The next test came in the Gulf War. When the harvest from Desert Storm proved meager, this was interpreted as a function of President Bush's unwillingness to remove Saddam Hussein from power. Wohlstetter's theory was sound, his supporters believed, if only political leaders had the will to follow it to its logical conclusions. When President George W. Bush finished the job in 2003, Richard Perle credited his mentor Wohlstetter. This was "Albert's vision of future wars", Perle said in May 2003, "That it was won so quickly and decisively, with so few casualties and so little damage, was in fact an implementation of his strategy and his vision."
Will anything reverse the trend toward American militarism? Bacevich only touches on the question, but the answer may lie in the cost of militarism, or more accurately, a growing sense that the actual (as opposed to the advertised) benefits of militarism are vastly outweighed by its costs. After all, Americans do not embrace militarism in their personal lives. While they admire the professionalism, dedication and courage of members of the military, very few want their sons (or daughters) to serve.
Wilsonian ambitions remain a centerpiece of U.S. foreign policy, as evidenced by the president's soaring rhetoric in his second inaugural address and the 2005 State of the Union address. But the Washington Post reported in March that the public is growing weary. "People just think this is not our mission, that we should not be the democracy policemen", explained James Steinberg of the Brookings Institution. "Even though they think [the Iraqis] are better off, [Americans are] leery about the U.S. going out and doing these things." Walter Russell Mead, a senior fellow at the Council on Foreign Relations, was even more blunt: "Americans don't like putting Americans in harm's way and fighting wars for humanitarian reasons. . . . [T]his means, by and large, the United States will not be spreading democracy at the point of a bayonet."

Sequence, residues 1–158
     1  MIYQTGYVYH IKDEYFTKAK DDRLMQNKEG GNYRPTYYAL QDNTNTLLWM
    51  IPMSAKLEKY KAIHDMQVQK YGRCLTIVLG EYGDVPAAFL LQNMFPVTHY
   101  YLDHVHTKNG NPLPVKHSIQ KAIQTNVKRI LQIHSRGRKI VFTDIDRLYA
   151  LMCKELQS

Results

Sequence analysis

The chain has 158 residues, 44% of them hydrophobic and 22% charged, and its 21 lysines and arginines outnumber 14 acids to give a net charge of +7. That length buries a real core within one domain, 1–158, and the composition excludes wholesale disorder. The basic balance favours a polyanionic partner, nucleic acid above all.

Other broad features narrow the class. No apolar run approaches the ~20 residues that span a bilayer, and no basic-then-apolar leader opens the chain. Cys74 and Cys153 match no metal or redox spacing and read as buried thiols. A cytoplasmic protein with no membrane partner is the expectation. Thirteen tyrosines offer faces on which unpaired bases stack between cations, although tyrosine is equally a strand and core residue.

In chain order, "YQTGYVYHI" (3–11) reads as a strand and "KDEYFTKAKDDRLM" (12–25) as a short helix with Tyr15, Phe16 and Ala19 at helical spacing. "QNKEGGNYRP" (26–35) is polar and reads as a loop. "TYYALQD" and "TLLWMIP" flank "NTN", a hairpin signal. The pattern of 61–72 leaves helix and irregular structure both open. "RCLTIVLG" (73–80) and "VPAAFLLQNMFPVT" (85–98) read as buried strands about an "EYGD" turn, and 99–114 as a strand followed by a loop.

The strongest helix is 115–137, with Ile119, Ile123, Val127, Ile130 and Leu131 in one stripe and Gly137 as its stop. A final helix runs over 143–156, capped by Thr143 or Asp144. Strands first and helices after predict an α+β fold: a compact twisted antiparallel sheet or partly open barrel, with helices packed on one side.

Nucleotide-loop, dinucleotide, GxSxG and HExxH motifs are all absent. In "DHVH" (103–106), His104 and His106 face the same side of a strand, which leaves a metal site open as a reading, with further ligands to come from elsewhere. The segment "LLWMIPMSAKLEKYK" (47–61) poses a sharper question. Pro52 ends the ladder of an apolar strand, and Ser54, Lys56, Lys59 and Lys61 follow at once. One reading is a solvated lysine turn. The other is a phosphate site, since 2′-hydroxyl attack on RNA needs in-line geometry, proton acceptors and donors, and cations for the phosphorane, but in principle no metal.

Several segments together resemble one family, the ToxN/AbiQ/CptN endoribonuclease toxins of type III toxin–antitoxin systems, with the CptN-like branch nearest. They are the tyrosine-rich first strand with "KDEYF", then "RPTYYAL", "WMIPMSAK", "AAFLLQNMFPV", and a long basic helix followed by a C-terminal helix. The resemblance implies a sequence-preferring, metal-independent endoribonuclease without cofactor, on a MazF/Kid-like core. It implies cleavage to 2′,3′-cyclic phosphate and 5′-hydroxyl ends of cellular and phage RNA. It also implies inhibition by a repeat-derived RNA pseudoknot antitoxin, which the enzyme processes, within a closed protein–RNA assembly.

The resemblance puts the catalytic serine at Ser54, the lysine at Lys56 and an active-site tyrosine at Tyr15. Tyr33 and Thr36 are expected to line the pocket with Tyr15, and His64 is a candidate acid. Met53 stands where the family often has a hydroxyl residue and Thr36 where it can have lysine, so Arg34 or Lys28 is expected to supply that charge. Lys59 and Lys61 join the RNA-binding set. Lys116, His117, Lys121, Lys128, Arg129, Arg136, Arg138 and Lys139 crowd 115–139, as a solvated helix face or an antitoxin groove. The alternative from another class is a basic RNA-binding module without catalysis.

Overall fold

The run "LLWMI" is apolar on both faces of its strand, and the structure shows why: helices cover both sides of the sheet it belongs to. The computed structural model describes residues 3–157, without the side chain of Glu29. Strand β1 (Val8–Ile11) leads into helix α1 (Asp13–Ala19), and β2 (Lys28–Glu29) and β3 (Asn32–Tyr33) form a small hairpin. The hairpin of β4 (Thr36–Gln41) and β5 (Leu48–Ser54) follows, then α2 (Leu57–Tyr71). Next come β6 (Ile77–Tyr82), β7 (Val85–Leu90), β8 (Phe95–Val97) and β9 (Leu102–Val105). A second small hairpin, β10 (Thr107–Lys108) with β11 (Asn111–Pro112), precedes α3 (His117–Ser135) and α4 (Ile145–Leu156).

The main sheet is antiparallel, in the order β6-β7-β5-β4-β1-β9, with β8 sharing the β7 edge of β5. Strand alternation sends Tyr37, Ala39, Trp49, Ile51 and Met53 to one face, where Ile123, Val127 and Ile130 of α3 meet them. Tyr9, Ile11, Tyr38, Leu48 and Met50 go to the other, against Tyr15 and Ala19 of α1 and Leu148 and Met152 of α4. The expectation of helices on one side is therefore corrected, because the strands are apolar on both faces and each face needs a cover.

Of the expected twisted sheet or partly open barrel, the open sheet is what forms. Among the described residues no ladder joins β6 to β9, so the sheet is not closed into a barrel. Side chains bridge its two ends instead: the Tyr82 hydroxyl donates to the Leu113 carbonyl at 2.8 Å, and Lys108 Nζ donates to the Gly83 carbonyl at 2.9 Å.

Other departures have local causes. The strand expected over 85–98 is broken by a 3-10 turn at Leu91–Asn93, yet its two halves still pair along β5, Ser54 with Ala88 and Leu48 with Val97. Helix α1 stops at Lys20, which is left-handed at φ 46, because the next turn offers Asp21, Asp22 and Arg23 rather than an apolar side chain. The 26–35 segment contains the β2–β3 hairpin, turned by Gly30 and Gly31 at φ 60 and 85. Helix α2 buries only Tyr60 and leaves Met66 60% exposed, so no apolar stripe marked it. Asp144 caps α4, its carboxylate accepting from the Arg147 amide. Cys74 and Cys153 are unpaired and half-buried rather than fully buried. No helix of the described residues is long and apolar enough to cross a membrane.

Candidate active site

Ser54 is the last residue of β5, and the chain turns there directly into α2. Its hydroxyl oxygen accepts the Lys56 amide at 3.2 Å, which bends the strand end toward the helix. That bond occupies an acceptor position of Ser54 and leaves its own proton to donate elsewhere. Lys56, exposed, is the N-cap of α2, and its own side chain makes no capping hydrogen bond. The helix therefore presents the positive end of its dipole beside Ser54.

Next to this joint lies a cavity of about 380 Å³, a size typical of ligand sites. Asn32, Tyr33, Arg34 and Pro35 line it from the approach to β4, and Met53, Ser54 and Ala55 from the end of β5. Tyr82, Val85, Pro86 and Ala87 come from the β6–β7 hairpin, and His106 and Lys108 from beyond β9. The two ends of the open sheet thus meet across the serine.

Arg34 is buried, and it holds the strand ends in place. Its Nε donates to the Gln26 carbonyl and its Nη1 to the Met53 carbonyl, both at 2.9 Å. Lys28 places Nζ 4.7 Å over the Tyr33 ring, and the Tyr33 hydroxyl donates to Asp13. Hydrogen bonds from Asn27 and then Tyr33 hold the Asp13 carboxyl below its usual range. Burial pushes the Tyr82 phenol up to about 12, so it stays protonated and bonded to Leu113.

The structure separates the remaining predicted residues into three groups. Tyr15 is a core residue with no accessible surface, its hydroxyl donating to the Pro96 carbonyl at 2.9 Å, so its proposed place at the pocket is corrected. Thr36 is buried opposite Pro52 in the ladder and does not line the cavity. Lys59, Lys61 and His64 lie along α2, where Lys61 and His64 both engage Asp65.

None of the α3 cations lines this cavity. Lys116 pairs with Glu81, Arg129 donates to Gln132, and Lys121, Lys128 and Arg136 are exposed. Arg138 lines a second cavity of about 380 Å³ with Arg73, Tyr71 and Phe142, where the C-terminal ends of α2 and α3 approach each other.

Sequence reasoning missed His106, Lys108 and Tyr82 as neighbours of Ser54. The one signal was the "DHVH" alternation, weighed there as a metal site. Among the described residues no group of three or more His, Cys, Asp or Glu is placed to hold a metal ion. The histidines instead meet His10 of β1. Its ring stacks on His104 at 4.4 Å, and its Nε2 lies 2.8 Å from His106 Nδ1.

Time will tell. Hopefully, if public skepticism continues to grow, Americans will ultimately reject militarism. Critics can best facilitate this process by emphasizing time-tested American values such as Thomas Jefferson's "peace, commerce, and honest friendship, with all nations" or John Quincy Adams's affirmation that America "is the well-wisher to the freedom and independence of all" and "the champion and vindicator only of her own." Such principles successfully guided U.S. foreign policy for over 150 years and earned the respect and admiration of those abroad.
In the modern era, scholars must not merely document the flaws of militarism, but also offer an alternative that can address the types of threats that the Founders could not have imagined. This, thankfully, Bacevich does in the penultimate chapter. The book is well worth the purchase price if only for the ten principles that Bacevich outlines therein.
One hopes that Bacevich's background and reputation will inoculate him against charges that he is "un-American." Ultimately, his considerable intellectual skills--even more than his unique credibility and perspective as a former professional soldier and a political conservative--allow Bacevich to overcome such charges. He deserves enormous credit for his courage in attempting to reverse a dangerous tide. He will deserve still more credit if he is successful at doing so.Essay Types: Book Review